Famine Crimes: Politics & the Disaster Relief Industry in Africa

Front Cover
Indiana University Press, 1997 - Political Science - 238 pages
Famine is preventable. The persistence of famine reflects political failings by African governments, western donors and international relief agencies. Can Africa avoid famine? When freedom from famine is a basic right or a political imperative, famine is prevented. Case studies from Ethiopia to Botswana demonstrate African successes - but they are often not acknowledged or repeated. Who is responsible for the failures? African generals and politicians are the prime culprits for creating famines in Sudan, Somalia and Zaire, but western donors abet their authoritarianism, partly through imposing structural adjustment programmes. What is the role of International relief agencies? Despite prodigious expenditure and high public profile, relief agencies often do more harm than good. From Biafra to Rwanda, relief has helped to fuel war and undermine democratic accountability. As the influence and resources of UN agencies and NGOs have grown, the chances for effective local solutions have diminished. What is the way forward? Humanitarian intervention and other high-profile relief operations have failed. Progress lies in bringing the fight against famine into democratic politics, and calling to account those guilty of creating famine.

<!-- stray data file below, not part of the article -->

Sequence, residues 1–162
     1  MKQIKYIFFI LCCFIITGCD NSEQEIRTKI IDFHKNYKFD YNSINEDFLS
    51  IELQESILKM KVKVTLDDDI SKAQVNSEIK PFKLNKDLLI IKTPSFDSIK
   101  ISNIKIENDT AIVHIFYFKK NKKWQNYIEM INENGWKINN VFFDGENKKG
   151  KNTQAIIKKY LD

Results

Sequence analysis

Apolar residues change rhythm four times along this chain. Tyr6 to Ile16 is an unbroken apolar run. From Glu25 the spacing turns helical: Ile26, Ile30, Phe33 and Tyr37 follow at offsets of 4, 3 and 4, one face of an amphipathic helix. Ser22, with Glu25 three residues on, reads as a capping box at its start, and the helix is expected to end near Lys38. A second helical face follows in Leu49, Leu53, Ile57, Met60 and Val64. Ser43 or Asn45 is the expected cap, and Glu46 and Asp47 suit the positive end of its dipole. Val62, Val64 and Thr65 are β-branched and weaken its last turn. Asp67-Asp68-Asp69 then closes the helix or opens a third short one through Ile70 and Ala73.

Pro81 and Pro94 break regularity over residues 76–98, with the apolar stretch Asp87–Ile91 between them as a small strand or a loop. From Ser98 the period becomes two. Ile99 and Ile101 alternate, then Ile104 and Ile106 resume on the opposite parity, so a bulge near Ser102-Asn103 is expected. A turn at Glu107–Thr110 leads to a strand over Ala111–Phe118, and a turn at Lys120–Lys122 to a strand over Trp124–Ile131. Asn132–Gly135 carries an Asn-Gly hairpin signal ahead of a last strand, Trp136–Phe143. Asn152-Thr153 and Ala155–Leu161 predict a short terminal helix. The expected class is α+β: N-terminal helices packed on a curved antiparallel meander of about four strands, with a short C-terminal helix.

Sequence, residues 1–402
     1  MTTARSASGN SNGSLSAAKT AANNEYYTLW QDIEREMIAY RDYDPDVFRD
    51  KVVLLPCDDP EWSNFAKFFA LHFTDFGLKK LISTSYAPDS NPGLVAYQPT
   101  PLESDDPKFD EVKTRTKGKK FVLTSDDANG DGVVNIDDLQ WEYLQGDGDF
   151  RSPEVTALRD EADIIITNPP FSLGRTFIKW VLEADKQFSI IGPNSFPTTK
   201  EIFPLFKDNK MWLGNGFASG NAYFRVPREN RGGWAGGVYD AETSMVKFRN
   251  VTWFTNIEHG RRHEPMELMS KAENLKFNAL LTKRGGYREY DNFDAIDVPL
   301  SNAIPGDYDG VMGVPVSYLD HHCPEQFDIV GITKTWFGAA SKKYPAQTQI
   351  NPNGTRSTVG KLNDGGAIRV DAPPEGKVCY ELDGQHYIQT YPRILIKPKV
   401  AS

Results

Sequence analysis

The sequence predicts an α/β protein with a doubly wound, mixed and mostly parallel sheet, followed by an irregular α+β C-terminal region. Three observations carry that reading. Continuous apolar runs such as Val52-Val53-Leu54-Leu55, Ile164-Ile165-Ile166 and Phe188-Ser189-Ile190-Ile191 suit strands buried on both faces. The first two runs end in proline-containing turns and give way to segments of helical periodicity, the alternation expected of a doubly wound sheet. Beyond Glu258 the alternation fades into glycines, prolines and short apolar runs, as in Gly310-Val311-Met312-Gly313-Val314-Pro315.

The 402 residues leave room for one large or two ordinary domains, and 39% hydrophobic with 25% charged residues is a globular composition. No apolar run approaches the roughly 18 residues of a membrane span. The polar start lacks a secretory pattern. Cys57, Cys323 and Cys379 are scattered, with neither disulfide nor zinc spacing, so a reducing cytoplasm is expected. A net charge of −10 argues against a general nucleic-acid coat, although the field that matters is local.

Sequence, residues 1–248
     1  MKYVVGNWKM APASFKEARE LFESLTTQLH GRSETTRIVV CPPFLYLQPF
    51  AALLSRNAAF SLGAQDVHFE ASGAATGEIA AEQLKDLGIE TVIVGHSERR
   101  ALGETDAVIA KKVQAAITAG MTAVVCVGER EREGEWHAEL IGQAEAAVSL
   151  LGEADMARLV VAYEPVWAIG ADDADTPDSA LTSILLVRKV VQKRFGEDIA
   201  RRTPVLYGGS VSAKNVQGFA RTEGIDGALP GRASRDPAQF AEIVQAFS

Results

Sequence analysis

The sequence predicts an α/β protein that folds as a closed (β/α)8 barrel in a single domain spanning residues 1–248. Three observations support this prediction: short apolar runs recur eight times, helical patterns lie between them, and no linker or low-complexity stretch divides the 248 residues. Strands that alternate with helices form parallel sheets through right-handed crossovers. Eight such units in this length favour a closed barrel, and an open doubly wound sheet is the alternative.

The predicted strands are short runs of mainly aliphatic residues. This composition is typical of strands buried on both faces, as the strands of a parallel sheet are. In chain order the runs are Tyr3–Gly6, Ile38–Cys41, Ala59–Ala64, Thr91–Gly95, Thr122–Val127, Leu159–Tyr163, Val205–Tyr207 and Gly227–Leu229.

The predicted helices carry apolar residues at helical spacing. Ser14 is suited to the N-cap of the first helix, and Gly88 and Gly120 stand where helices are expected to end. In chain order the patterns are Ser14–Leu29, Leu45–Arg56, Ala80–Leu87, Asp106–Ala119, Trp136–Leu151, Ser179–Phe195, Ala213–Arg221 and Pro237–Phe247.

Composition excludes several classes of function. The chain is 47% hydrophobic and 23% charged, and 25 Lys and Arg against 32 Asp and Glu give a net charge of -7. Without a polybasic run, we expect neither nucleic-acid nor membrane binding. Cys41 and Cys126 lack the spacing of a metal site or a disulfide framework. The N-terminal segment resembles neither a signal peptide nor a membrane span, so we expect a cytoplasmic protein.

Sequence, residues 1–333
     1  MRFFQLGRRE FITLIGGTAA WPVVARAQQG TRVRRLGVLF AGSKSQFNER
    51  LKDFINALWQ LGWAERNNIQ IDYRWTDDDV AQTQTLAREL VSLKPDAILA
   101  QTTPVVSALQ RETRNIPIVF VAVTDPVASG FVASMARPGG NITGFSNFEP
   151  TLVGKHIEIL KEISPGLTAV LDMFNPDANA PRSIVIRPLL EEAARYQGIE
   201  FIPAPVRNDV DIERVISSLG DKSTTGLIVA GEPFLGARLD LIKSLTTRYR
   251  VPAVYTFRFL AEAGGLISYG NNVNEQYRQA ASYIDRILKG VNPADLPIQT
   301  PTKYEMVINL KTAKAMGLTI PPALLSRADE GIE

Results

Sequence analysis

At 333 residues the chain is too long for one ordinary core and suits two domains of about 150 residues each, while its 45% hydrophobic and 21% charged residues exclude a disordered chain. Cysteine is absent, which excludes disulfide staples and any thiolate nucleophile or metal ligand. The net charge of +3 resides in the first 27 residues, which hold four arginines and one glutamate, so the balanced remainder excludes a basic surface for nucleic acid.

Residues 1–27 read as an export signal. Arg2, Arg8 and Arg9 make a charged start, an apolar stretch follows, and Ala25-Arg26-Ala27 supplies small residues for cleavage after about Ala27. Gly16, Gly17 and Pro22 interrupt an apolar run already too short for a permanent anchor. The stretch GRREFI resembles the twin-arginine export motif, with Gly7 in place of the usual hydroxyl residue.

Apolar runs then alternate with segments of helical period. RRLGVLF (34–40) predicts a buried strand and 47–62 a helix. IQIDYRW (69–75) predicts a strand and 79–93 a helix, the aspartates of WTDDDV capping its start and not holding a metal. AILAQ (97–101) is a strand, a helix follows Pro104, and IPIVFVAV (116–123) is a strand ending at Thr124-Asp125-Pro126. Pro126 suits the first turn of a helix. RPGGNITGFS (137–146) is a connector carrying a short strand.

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Contents

introduction
1
Rights The Conquest
7
Africa
26
i
49
Sudan
86
Displaced famine victims Red Sea Hills Sudan 1991
102
Tigray and its borderlands map
113
Graffiti in Ethiopia
122
26
177
Somalia 1993
179
Dead refugee and survivors in Merca Somalia bodies collected
180
Eastern Zaire The Fundraisers
208
Bibliography
222
49
224
86
234
159
235

Southern Somalia map
160

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About the author (1997)

Alex de Waal is co-director of African Rights, London

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